martinjohnbishop's picture

Thymelicus lineola, Alpe Veglia

Observed: 24th July 2009 By: martinjohnbishopInvertebrates expert
Species interactions

No interactions present.

Species with which Essex Skipper (Thymelicus lineola) interacts


Wildlife Ranger's picture


Does the Essex Skipper occur in Località Ponte Campo, Varzo ?? It appears to be quite common

"is present in most parts of Europe, except for Sardinia and the northern parts of Britain and Scandinavia, all over moderate Asia and Japan."


martinjohnbishop's picture

Alpe Veglia

There is information about this area at
which is on the border of Italy and Switzerland.
It is home to the endemic Erebia christi.
I have found approximately equal numbers of T. lineola and sylvestris but with a small sample size (7).

Are you asking a question; I do not understand what it is?

Wildlife Ranger's picture

Essex Skipper

Does the Essex Skipper occur in Località Ponte Campo, Varzo ??

I think the answer is yes and throughout Europe and quite extensivley. I had not realised that this species was so prolific

Many Thanks


martinjohnbishop's picture

These pictures were taken there

Ah, yes. I thought this was implied by the fact the pictures were taken there by myself and uploaded with the details to iSpot.

Sarah West's picture

Strange name..

I think WLR's point was that it's a strange English common name "Essex skipper" for a species that is found across so much of Europe. I wonder how it managed to get that name?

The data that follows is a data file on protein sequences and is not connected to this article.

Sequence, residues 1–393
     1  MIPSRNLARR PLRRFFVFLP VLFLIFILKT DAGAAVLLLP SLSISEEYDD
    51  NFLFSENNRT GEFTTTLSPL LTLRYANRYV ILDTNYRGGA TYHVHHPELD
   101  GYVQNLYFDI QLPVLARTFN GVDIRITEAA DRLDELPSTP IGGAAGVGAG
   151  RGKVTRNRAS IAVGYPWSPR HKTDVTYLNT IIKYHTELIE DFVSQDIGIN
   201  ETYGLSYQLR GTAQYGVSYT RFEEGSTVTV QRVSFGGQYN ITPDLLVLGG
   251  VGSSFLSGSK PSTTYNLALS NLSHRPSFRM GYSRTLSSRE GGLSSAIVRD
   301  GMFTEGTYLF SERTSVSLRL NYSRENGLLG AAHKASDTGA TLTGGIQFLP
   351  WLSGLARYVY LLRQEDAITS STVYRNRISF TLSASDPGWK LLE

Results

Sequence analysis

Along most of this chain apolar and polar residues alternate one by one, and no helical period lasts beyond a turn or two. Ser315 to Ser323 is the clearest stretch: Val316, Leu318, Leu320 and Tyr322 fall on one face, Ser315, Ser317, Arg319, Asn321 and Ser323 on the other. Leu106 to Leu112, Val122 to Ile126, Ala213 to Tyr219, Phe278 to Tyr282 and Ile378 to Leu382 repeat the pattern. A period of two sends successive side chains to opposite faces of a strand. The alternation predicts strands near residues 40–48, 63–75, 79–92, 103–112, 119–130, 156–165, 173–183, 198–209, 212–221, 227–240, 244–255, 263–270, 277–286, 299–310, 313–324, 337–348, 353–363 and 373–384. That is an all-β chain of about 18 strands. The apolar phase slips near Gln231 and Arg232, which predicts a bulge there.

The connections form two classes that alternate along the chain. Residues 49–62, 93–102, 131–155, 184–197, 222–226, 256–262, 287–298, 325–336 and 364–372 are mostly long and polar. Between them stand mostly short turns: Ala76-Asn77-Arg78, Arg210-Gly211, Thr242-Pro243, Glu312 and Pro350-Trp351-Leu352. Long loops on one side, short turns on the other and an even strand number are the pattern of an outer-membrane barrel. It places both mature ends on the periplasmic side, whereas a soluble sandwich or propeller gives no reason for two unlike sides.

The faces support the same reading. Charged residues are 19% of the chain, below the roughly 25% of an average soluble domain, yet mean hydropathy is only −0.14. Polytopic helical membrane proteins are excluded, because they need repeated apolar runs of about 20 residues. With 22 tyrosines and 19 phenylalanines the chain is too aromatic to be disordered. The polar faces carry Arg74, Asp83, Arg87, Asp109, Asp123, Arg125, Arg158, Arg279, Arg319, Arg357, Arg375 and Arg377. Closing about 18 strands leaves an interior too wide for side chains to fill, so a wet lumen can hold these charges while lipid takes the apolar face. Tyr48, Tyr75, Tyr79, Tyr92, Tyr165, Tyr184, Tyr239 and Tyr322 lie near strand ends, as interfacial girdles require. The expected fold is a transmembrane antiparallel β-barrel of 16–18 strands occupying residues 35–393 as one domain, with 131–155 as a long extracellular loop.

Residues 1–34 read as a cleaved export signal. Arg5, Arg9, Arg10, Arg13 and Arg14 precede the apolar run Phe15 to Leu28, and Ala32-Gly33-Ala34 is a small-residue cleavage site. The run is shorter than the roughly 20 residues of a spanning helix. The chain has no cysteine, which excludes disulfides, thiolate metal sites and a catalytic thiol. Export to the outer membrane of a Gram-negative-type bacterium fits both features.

Sarah West
OPAL Community Scientist
Yorkshire and Humber

martinjohnbishop's picture

Analogously Camberwell Beauty, Lulworth Skipper, Bath White

Ah, I see the point now. I wondered too but all appears documented.

The Aurelian by Moses Harris, published in 1766, gives this butterfly the name "The Grand Surprize" or "Camberwell Beauty", based on 2 individuals that were caught in Cold Arbour Lane near Camberwell in 1748

Records of Essex Skipper, captured in 1888, are noted by Mr. Hawes in The Entomologist. The records are subsequently found to originate from St. Osyth in Essex.

1833 Lulworth Skipper is recorded in volume 10 of John Curtis' British Entolomology as having been captured by James Charles Dale in 1832 in the area around Lulworth Cove in Dorset, the first specimen being caught at Durdle Door to the west.

"P. daplidice, L. The original 'Bath White,' so named by Lewin, 'from a piece of needlework executed at Bath, by a young lady, from a specimen of this insect, said to be taken near that place' (Lewin's Insects of Great Britain, vol. i. 1795)"